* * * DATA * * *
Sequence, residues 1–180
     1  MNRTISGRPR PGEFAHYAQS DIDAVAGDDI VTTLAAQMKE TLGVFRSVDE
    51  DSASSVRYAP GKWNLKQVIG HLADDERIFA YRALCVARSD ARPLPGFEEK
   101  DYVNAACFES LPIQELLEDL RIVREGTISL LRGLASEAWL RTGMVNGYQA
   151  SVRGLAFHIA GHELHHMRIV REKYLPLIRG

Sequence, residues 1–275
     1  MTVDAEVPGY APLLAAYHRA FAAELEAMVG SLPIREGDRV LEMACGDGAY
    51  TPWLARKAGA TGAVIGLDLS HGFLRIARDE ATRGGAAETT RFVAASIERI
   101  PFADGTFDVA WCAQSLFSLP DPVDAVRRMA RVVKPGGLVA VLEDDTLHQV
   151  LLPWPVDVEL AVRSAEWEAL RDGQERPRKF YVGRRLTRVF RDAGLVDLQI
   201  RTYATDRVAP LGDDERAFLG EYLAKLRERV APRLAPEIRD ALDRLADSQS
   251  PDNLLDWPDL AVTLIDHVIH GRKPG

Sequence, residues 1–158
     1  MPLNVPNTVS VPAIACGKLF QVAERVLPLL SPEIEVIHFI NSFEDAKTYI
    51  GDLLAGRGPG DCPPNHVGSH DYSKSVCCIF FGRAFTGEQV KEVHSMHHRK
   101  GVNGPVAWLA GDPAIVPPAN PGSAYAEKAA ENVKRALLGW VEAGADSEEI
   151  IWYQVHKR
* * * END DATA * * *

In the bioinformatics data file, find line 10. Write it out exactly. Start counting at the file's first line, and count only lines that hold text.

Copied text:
   151  LLPWPVDVEL AVRSAEWEAL RDGQERPRKF YVGRRLTRVF RDAGLVDLQI